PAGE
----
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ACLU demands cities repeal bans on panhandling

A panhandler walks the median on Jefferson and Osuna in Albuquerque in January. The ACLU of New Mexico sent letters to multiple municipalities around the state asking them to repeal ordinances restricting panhandling in their communities. (Greg Sorber/Albuquerque Journal)

The American Civil Liberties Union of New Mexico on Tuesday sent letters to 10 municipalities around the state asking them to repeal ordinances that restrict begging in their communities.

The ACLU and other organizations across the nation sent letters demanding the repeal of 240 such ordinances around the country in a concerted effort, said Leon Howard, the legal director for the ACLU in the state.

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ACLU of New Mexico Staff Attorney María Martinez-Sanchez. (Adolphe Pierre-Louis/Albuquerque Journal)

The ordinances the ACLU is targeting in New Mexico vary in scope. In Santa Fe, people are prohibited from begging from people who are eating at a sidewalk cafe. In Española, multiple people can’t beg together, and in Artesia, people need to get a permit approved by a city or police official before panhandling, said María Martinez Sanchez, a staff attorney with the ACLU.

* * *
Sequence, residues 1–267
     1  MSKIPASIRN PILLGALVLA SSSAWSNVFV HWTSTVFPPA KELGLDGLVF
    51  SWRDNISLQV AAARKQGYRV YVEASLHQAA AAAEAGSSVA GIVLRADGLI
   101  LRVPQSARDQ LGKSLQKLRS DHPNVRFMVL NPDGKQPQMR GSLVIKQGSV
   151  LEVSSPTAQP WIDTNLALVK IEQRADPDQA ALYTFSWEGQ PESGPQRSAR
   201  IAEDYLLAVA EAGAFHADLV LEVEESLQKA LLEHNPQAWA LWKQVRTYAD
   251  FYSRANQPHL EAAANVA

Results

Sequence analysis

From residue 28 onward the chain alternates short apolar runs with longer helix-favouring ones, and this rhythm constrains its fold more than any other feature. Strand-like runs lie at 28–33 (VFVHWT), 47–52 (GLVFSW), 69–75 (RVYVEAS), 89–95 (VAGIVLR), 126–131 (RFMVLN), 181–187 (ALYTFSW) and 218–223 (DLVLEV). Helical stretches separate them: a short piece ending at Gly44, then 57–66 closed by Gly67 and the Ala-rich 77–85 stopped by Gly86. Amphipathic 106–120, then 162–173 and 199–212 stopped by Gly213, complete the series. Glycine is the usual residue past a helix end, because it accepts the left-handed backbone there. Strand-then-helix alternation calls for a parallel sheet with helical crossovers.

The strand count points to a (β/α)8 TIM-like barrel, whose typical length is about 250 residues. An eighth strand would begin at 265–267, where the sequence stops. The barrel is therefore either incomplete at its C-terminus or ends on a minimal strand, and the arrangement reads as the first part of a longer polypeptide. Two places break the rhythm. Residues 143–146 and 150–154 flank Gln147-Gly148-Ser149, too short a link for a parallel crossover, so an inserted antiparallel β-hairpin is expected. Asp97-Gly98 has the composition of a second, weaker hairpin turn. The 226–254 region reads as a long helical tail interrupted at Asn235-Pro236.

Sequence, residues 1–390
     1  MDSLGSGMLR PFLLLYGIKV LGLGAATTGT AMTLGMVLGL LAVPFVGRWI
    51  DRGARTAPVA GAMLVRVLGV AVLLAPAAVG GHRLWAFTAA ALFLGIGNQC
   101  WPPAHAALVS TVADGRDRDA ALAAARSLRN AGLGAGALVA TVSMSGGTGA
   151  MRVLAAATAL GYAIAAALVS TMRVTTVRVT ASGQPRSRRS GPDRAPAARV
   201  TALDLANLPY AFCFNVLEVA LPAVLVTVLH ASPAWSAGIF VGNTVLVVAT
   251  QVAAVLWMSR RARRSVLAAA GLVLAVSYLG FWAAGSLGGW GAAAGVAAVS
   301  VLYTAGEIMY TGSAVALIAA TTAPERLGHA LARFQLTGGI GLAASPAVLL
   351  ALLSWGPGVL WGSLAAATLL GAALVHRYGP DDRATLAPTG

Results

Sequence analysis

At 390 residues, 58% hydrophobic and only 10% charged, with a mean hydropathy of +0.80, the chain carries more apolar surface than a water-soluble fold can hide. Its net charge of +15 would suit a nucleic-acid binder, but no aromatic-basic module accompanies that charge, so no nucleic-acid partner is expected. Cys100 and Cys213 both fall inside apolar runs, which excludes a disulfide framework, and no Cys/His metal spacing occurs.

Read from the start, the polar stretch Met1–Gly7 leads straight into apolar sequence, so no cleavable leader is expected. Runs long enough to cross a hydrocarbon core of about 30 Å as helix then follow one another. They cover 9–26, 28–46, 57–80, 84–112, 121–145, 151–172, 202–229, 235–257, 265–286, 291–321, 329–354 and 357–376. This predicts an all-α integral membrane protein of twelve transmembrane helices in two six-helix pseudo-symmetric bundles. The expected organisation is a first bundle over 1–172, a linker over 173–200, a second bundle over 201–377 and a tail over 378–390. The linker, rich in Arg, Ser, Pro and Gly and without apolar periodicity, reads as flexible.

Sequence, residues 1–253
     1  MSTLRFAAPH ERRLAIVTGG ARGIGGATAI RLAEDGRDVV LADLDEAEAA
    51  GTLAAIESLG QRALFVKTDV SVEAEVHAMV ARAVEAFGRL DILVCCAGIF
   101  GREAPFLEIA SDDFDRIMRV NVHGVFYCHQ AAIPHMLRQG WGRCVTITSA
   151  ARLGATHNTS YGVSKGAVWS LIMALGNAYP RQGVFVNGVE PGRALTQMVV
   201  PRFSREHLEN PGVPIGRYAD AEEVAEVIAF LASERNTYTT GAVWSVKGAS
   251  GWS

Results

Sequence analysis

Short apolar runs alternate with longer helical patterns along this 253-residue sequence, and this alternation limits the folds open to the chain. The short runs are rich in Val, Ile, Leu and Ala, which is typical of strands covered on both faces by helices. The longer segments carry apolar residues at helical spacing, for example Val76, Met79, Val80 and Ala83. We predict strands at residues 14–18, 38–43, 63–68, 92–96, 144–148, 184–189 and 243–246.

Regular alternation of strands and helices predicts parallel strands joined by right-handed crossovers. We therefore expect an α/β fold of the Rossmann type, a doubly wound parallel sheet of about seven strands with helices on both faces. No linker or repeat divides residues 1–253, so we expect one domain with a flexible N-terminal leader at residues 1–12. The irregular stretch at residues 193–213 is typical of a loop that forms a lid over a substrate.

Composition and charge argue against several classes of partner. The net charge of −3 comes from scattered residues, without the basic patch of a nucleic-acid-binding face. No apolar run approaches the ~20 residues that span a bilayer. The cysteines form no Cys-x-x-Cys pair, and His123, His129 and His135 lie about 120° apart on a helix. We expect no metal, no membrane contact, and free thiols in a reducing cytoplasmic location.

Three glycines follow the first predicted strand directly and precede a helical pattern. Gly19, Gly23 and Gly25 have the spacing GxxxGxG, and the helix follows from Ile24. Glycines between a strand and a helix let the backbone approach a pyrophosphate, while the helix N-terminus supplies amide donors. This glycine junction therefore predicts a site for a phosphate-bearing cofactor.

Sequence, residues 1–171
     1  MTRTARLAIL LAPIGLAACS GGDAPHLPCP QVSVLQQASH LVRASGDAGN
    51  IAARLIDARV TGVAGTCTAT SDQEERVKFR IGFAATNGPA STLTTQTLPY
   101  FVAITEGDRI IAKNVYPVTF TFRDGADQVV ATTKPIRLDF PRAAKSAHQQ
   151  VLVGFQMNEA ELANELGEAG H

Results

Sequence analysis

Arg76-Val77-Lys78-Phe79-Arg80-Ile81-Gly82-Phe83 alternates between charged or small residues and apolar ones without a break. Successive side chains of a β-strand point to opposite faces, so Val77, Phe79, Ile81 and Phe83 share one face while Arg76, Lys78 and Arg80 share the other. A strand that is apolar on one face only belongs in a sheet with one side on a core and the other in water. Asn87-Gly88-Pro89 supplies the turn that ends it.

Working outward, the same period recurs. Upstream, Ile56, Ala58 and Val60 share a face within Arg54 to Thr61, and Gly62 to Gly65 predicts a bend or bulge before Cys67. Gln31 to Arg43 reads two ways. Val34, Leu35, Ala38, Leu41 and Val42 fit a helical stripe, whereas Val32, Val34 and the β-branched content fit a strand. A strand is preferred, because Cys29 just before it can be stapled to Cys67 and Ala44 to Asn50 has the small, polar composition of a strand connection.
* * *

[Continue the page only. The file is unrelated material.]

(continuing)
The ACLU argues, in part, that the ordinances violate the First Amendment because they restrict freedom of speech.

Mayors from those three cities didn’t return calls for comment on Tuesday.

“Those ordinances that we are targeting, they vary, but they have a common goal of making it impossible or nearly impossible for people to request assistance from their community,” Martinez Sanchez said.

People who violate the ordinances in question can face hundreds of dollars in fines or, in some cases, up to 90 days in jail.

The mayors of Rio Rancho, Elephant Butte, Silver City, Artesia, Las Cruces, Española, Santa Fe, Los Alamos, Mesilla and Los Lunas received letters Tuesday.


ACLU of New Mexico Legal Director Leon Howard announces an initiative targeting panhandling ordinances in 10 cities across the state. (Adolphe Pierre-Louis/Albuquerque Journal)

Albuquerque Mayor Tim Keller wasn’t on the list to get a notice from the ACLU.

But the ACLU has a pending lawsuit against Albuquerque over a city ordinance approved late last year that restricts panhandling on certain medians and other areas because of traffic safety concerns. The city has agreed not to enforce the ordinance while the case is being litigated, though the city has agreed to pay a nonprofit $7,500 because officers were enforcing the ordinance despite the court order.

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